Two polite young golfers scheme their way into the vacation home of a rich couple (Tim Roth and Naomi Watts) and begin to play mind games with them before holding them prisoner and slowly torturing them. The two Country Club killers beat them with golf clubs, kill their dog, make
Michael Haneke‘s remake of his own 1997 film isn’t the first time a foreign director has remade his own work for mainstream American audiences. Hitchcock did a remake of his The Man Who Knew Too Much way back in ’56 and it was especially en vogue during the 90’s when remakes of The Vanishing and Nightwatch flooded American multiplexes. This wasn’t even the first time
The problem with Funny Games is that it’s just not very good. I’ve never seen Haneke’s original film and watching this crap, I don’t think it’ll find it’s way into my DVD player any time soon.
Haneke starts the film out slowly and mundanely (he never really gives the main characters an appropriate close-up and relies heavily on static shots of their arms and legs instead), but since the film runs a too long 111 minutes, you pretty much know from the get-go that it will take awhile for the film to GET ON WITH IT. Once the psychotic preppies arrive though, the abuse they dish out isn’t exactly as torturous to the characters as it is for the audience. I’m not saying it’s hard to watch because it’s gruesome (it’s not), just because it’s so damn banal and tame.
Haneke also thinks that by keeping key scenes of violence, torture, and nudity (no dice on seeing
(Skip to the next paragraph if you don’t want to have the movie thoroughly ruined.)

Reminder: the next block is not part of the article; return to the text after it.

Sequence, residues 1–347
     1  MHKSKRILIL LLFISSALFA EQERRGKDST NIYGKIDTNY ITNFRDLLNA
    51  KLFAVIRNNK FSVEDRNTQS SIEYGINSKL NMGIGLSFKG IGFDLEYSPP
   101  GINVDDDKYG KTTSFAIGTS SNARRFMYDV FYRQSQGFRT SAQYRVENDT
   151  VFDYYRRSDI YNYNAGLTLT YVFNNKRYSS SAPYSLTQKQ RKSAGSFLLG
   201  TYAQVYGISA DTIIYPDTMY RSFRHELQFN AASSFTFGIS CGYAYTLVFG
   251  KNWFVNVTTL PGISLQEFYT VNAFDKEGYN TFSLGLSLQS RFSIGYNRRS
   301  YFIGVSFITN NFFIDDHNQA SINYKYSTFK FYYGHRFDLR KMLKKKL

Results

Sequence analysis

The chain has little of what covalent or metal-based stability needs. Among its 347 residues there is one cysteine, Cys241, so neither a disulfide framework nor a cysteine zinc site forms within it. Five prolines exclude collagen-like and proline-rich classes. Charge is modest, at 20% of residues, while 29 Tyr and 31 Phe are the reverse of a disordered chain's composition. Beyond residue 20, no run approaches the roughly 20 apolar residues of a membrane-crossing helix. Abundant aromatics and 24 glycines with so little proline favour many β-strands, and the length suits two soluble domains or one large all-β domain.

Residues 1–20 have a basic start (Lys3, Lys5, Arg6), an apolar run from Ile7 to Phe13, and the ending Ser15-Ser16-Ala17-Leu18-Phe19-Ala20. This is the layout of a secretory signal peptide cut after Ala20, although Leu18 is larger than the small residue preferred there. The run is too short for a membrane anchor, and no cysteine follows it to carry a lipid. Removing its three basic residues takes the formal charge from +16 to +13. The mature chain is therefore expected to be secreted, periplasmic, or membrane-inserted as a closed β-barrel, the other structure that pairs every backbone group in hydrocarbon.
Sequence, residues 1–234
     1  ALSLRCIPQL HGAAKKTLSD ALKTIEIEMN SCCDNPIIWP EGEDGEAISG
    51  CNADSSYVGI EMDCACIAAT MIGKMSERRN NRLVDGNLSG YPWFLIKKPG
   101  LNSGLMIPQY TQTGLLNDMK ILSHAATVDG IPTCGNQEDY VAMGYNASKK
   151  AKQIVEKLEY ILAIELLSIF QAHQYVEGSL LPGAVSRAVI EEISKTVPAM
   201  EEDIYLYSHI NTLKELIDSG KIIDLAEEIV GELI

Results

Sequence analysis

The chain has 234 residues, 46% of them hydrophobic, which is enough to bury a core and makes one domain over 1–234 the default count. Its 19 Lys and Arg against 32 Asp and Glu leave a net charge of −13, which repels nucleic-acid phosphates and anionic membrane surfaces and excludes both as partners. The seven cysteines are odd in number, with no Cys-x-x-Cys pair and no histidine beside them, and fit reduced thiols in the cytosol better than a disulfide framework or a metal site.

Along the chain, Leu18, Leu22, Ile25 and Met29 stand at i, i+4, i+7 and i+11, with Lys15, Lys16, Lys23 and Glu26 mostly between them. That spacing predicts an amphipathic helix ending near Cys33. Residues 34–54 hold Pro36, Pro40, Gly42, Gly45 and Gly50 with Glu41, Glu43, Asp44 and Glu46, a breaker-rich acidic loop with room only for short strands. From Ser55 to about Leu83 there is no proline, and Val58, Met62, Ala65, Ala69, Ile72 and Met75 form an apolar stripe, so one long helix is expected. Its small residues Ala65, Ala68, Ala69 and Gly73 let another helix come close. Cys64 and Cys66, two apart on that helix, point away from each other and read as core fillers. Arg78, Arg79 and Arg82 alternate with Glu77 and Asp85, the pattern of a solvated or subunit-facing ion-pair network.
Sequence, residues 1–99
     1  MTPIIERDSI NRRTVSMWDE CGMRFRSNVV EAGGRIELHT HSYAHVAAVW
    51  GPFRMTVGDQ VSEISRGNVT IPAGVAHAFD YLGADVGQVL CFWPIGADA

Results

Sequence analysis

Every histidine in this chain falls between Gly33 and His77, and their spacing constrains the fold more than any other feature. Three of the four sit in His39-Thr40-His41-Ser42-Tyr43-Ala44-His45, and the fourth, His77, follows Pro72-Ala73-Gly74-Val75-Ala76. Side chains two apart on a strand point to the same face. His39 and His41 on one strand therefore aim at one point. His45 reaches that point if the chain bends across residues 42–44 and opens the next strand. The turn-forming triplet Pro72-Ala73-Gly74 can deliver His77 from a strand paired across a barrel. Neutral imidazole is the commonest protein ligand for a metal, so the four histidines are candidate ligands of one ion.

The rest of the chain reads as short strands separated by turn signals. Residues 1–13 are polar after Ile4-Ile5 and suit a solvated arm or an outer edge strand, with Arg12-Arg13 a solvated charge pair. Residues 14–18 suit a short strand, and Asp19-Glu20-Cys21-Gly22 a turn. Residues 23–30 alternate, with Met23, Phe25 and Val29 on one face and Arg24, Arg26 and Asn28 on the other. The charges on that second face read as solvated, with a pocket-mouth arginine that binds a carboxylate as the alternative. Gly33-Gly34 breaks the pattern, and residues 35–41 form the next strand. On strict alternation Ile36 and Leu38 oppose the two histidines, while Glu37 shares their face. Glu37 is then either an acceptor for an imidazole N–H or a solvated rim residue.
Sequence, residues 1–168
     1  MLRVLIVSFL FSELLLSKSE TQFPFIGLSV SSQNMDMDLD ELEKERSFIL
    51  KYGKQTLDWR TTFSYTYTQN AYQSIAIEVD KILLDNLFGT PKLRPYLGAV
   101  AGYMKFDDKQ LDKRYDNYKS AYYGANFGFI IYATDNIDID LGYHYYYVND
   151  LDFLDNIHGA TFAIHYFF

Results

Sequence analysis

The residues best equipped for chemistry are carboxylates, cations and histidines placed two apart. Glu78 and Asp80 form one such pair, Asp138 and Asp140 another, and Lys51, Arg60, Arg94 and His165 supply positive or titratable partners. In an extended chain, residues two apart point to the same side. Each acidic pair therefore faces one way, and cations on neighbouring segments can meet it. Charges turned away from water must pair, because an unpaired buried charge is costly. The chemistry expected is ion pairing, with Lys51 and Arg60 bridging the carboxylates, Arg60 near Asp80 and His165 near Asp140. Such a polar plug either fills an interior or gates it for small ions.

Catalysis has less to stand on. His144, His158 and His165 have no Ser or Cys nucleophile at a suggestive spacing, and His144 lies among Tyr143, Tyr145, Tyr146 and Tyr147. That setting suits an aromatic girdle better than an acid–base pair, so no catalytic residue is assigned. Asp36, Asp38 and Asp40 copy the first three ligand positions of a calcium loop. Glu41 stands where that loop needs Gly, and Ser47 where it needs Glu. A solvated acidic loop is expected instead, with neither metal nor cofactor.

The third act reality reversal via RCA DVD remote control. Even if this movie did suck, the ending was at least semi-clever, but again, Haneke botches things big time. I understand completely what he was trying to accomplish with this scene. Haneke wants the audience to cheer as the villain gets his comeuppance. When the other dude uses the remote control to rewind back through time so he can save his pal’s life and efficiently murder Watts, it zaps the audience out of the Hollywood-ized version of what we’re used to seeing in incidents like these and thrusts us into the reality of the situation and say, “Okay this is what would REALLY happen in real life.” The problem with that is, he hasn’t earned the ending yet. The main characters aren’t especially endearing to the audience (although Haneke drew out their introduction scenes for FOREVER), and when Pitt uses the remote to alter things from a movie situation to “reality” it plays more like a WTF than anything else. Having the two characters chit-chat endlessly about alternate realities doesn’t help any either. By all the prattling about black holes and shit, Haneke ruins the whole effect by over-explaining his intentions. If he had ended the film without all the incessant banter about pseudo-dimensions and let the audience figure out his message themselves; it would’ve worked much better. Doing it this way dilutes the remote control Deus Ex Machina of it’s potential effectiveness and turns it into an annoying, showy and amateurish thumb-nosing of the audience.
The film DOES have one awesome moment: the excellent opening credit sequence that deftly mixes opera and punk rock music over the soundtrack. After that though, it’s all downhill. If you’re looking for a halfway decent home invasion thriller (one that won’t chastise it’s audience and actually entertains), check out The Strangers instead.